Food for the soul
IN 1810, Hindoostane Coffee House, the first Indian restaurant in the UK, opened its doors in central London.
Two hundred years later, our love affair with Indian cuisine shows no sign of abating in Gloucestershire.
In fact, the 2013 Pub Curry Chef of the Year is Indunil Sanchi, who heads up the kitchen at Chipping Campden's Noel Arms Hotel.
With this year's Cobra Good Curry Guide revealing we spend on average £20 a month cooking Indian feasts at home, and £31 on our favourite curries out, it adds up to a poppadom-crunching £30,000 in a lifetime.
Gents, come in to Earl's & Co and enjoy a haircut and finish, glass of whisky and a shoeshine for £18.50
Terms: Later and earlier appointments available upon request
Contact: 01242 504887
Valid until: Tuesday, December 31 2013
So what exactly is it about the aromatic, heat-inducing Asian cuisine that we love so much?
It's part of our history.
"When the British were in India, they fell in love with the spices and local cuisine," says Vivek Singh, founder and CEO of The Cinnamon Club.
"And when they came back, they wanted to recreate this unique taste. So spices started being imported, along with chefs and cooks who had the culinary knowledge."
There's another reason we adore our curry too; chillies. When the body defends itself against the heat of a hot chilli it releases endorphins, the body's natural painkillers.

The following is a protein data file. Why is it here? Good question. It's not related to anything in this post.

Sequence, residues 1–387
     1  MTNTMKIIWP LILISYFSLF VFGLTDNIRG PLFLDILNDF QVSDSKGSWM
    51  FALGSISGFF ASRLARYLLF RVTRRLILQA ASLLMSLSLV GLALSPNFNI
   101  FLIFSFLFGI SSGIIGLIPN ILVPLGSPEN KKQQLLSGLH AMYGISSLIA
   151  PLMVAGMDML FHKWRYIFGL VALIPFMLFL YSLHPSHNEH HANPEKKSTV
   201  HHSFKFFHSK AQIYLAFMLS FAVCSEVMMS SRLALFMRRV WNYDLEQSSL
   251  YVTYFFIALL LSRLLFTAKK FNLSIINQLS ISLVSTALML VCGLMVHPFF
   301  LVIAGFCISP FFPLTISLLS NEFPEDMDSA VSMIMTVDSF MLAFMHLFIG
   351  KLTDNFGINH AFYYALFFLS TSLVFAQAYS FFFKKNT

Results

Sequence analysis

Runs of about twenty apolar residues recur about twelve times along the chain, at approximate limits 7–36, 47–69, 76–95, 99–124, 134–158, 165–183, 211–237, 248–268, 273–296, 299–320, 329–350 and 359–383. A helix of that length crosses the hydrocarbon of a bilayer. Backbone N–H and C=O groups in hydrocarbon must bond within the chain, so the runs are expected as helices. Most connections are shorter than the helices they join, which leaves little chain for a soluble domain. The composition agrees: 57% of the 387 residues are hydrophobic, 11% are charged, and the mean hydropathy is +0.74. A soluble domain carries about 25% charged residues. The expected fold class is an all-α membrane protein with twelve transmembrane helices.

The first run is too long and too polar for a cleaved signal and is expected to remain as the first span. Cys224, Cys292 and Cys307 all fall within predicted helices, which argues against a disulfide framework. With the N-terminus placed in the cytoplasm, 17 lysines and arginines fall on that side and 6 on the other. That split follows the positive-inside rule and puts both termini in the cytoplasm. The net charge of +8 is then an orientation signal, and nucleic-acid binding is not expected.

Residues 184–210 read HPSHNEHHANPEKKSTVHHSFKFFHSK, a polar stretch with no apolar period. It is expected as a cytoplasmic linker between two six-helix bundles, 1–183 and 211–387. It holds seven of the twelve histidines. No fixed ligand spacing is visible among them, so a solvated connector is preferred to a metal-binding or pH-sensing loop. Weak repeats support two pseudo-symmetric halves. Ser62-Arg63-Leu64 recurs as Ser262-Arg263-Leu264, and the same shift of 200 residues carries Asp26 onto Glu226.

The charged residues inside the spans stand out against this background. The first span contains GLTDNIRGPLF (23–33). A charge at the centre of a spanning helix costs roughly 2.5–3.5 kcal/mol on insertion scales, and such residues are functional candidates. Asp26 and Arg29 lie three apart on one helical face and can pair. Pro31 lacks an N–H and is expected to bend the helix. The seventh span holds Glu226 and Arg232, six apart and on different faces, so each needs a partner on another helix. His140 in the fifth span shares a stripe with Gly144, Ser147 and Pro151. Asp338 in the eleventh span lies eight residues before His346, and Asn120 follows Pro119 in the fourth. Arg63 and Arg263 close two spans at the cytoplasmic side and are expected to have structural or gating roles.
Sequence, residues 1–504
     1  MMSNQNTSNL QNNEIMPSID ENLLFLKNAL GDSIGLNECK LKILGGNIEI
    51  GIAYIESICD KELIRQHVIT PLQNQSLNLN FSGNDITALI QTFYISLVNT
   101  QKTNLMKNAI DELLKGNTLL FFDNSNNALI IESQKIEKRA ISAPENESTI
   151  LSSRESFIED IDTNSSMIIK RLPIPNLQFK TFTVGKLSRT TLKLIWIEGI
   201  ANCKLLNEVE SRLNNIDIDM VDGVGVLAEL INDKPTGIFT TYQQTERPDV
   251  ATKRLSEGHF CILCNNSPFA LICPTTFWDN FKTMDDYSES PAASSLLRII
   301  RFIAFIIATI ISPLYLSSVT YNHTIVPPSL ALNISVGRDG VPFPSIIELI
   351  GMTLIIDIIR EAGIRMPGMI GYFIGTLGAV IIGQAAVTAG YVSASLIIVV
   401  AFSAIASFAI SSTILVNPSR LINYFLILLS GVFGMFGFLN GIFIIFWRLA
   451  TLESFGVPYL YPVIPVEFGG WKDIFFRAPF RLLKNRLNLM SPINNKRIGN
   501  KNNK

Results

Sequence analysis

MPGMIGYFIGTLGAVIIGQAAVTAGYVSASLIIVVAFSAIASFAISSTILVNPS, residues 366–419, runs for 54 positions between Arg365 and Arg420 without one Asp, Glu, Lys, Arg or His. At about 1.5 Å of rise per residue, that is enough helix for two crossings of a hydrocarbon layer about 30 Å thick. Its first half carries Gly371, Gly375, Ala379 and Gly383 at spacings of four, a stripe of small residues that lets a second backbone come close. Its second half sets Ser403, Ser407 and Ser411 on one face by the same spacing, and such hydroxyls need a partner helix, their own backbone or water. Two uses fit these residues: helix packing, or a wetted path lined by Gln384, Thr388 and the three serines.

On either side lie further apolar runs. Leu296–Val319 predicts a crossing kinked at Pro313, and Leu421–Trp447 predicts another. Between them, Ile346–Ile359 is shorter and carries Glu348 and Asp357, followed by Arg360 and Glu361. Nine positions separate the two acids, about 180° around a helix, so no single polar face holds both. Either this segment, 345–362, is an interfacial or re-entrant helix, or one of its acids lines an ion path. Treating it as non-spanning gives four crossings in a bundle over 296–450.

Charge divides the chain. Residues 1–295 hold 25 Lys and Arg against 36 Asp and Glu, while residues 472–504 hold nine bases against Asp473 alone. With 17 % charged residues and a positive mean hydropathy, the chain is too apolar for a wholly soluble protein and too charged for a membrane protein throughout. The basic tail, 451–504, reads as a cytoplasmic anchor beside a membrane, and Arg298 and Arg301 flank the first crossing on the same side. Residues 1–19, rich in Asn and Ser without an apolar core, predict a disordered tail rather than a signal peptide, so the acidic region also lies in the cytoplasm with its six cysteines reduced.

Addictive as they are, curries have gained a bad reputation for high levels of saturated fat, sugar and salt – particularly chicken tikka masala, Britain's national dish.
This doesn't mean all Indian fare is bad for you. Curries contain spices which boast a huge range of health benefits.
Coconut milk can lower cholesterol, reducing the risk of heart disease and blood pressure. Turmeric fights infection. Coriander aids digestion and helps combat eczema. Cinnamon is packed with anti-oxidants and cumin boosts the immune system.
■ Indunil Sanchi has teamed up with author and pop-up restaurateur Urban Rajah to present the Great Indian Food Feast. The pair promise to spin diners through a sensory journey of regional Indian food, including family recipes from the Urban Rajah's Curry Memoirs, served with carefully-selected beers.
They start in London on October 3, ahead of National Curry Week which starts on October 7, moving to the Wood Norton Hotel in Worcestershire on November 7 and the Noel Arms on December 5. Tickets for the Noel Arms dinner cost £45 on 01386 840330.